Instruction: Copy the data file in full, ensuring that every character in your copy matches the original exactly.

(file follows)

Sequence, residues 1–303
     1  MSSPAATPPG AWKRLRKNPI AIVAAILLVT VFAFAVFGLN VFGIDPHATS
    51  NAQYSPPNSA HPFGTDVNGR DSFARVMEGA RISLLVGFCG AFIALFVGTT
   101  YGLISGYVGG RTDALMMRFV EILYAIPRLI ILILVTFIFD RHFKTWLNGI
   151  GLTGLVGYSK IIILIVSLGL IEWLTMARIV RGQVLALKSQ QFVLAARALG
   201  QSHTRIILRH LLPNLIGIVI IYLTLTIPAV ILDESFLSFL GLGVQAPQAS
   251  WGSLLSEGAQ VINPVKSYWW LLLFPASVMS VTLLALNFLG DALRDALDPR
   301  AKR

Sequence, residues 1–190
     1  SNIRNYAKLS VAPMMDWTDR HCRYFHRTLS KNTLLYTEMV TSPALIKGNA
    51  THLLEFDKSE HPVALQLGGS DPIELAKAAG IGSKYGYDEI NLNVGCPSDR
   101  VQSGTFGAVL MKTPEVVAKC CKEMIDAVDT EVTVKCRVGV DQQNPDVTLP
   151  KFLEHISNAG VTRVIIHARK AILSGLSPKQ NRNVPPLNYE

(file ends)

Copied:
Sequence, residues 1–303
     1  MSSPAATPPG AWKRLRKNPI AIVAAILLVT VFAFAVFGLN VFGIDPHATS
    51  NAQYSPPNSA HPFGTDVNGR DSFARVMEGA RISLLVGFCG AFIALFVGTT
   101  YGLISGYVGG RTDALMMRFV EILYAIPRLI ILILVTFIFD RHFKTWLNGI
   151  GLTGLVGYSK IIILIVSLGL IEWLTMARIV RGQVLALKSQ QFVLAARALG
   201  QSHTRIILRH LLPNLIGIVI IYLTLTIPAV ILDESFLSFL GLGVQAPQAS
   251  WGSLLSEGAQ VINPVKSYWW LLLFPASVMS VTLLALNFLG DALRDALDPR
   301  AKR

Sequence, residues 1–190
     1  SNIRNYAKLS VAPMMDWTDR HCRYFHRTLS KNTLLYTEMV TSPALIKGNA
    51  THLLEFDKSE HPVALQLGGS DPIELAKAAG IGSKYGYDEI NLNVGCPSDR
   101  VQSGTFGAVL MKTPEVVAKC CKEMIDAVDT EVTVKCRVGV DQQNPDVTLP
   151  KFLEHISNAG VTRVIIHARK AILSGLSPKQ NRNVPPLNYE